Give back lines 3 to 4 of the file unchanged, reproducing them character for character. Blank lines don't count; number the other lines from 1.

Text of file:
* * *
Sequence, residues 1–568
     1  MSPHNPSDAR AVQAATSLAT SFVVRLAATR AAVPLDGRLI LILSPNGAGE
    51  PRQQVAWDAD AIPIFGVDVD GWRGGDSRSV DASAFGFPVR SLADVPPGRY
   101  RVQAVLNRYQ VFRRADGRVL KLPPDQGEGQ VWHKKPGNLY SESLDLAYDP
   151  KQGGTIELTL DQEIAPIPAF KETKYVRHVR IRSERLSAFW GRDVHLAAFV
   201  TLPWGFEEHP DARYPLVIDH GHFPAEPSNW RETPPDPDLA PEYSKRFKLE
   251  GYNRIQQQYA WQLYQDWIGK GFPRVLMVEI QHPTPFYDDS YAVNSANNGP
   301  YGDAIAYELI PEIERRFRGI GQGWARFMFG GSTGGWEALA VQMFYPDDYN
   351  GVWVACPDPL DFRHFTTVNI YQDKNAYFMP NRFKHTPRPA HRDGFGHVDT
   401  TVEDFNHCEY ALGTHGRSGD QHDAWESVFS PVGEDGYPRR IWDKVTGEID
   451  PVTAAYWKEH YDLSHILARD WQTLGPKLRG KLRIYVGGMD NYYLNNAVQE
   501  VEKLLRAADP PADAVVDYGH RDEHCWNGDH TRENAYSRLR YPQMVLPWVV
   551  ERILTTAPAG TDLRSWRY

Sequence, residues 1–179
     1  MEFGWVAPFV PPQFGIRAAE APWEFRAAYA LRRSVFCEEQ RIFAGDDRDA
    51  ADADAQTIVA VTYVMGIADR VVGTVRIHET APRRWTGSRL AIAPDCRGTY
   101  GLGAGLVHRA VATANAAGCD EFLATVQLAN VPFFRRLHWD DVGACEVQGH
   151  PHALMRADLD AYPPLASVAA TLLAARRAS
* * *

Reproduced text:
    51  PRQQVAWDAD AIPIFGVDVD GWRGGDSRSV DASAFGFPVR SLADVPPGRY
   101  RVQAVLNRYQ VFRRADGRVL KLPPDQGEGQ VWHKKPGNLY SESLDLAYDP